Box plots that show the results of quality-control samples analyzed for SSC and TSS by a cooperating laboratory participating in the USGS National Sediment Laboratory Quality Assurance Program are Line of Equal Value shown in figure 8. The samples were analyzed in five 1,000 sample sets. Box plots for sample sets 1997-1, 1997-2, and 1998-1 represent TSS analytical results. Box plots for study sample sets 1998-2 and 1999-1 represent 100 SSC analytical results. This figure illustrates two important characteristics related to sediment-data quality. First, both the SSC and TSS data tend to be nega10 tively biased. The combined data for all samples analyzed as part of the Sediment Laboratory Quality Assurance Program from 1996 through September 2000 1 have a median concentration bias of -1.83 percent; the 25th percentile is -4.39 percent; and the 75th percentile is 0.00 percent. The bias primarily reflects a loss of 0.1 0.1 1 10 100 1,000 some sediment, such as through a filter, or an inability to weigh accurately very small amounts of fine mateTotal Suspended Solids, in mg/L rial in the SSC analytical procedure. The SSC median percent bias values for both study sets are about -2 and Figure 6. Relationship between total suspended solids and -4 percent of the known sediment mass. In contrast, the concentration of suspended sediments finer than 0.062mm TSS median percent bias values for the three study sets in paired suspended-sediment concentration samples. All SSC and TSS values less than 0.25 mg/L were set equal to 0.25 mg/L range from -6 to -23 percent from the known sediment to enable plotting the data on logarithmic coordinates. mass; the mean difference in TSS median percent bias from the known sediment mass is -16 percent. Only for sample set 1997-2 does any quartile include the the suspended solid-phase discharges compared to those esti- TSS value for the known sediment mass. The median percent mates that are computed from SSC data. TSS discharge unbias in TSS sample set 1997-1 and in 1998-1 exceeds three derestimates may be negligible for streams conveying a preF-pseudosigmas2 from the mean value of all measured sedidominantly fine material load over the range of discharges. ment mass measurements reported in the USGS National Substantial underestimates of TSS discharges can be ex2 The F-pseudosigma is a nonparametric statistic analogous to the standard deviapected for streams conveying sediment loads that exceed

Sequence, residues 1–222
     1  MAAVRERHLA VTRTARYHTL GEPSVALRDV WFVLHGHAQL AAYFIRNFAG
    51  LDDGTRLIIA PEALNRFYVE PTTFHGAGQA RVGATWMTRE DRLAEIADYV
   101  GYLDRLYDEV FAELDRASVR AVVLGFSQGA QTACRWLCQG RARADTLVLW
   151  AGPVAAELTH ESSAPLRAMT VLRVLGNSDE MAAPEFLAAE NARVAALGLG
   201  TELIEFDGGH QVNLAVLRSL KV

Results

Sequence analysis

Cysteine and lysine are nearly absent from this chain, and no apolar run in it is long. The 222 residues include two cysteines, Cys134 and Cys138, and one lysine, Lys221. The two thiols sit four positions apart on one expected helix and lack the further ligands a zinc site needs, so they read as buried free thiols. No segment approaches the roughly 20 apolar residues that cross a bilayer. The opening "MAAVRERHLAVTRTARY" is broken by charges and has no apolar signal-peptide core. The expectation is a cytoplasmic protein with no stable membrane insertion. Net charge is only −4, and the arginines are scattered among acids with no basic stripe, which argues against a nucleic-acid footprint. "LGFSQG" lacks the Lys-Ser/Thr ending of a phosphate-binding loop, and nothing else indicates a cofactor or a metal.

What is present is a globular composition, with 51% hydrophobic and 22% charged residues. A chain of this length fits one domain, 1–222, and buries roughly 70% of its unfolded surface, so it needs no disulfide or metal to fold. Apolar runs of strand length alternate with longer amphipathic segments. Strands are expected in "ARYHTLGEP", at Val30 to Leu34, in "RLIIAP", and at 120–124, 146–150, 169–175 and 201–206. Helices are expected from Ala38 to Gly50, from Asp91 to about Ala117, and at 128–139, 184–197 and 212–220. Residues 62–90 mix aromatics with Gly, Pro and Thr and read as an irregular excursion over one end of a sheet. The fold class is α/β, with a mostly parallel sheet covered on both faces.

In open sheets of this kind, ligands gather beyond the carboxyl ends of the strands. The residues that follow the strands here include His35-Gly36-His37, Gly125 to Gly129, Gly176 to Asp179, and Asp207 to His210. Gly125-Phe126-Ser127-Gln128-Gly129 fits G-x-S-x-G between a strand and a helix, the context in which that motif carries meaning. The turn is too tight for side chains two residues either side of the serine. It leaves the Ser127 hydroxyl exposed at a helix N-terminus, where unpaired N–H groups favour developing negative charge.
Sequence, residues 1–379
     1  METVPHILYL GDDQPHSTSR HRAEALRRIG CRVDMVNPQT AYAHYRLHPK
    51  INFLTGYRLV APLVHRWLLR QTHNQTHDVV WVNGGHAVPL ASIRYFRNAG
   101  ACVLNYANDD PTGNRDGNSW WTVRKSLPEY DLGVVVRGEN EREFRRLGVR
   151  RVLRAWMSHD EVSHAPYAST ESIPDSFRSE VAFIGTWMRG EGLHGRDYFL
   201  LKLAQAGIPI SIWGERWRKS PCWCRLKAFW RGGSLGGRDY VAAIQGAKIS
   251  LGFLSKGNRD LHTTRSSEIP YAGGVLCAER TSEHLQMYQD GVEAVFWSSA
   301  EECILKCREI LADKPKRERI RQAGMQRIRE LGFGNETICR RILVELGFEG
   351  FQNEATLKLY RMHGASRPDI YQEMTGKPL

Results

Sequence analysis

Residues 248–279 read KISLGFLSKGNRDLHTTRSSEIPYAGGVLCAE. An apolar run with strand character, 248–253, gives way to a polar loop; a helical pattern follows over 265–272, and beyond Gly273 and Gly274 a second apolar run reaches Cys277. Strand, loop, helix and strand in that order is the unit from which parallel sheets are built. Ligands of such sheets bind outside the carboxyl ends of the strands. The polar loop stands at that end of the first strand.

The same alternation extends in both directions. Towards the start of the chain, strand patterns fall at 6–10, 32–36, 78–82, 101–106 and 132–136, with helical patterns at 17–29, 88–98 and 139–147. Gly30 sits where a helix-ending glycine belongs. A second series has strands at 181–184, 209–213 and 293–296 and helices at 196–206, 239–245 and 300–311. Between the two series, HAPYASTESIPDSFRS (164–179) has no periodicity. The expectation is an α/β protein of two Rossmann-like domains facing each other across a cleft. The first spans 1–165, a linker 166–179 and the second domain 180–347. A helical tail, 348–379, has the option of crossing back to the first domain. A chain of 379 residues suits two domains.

Concentration of Suspended Sediment Finer than 0.062 mm, in mg/L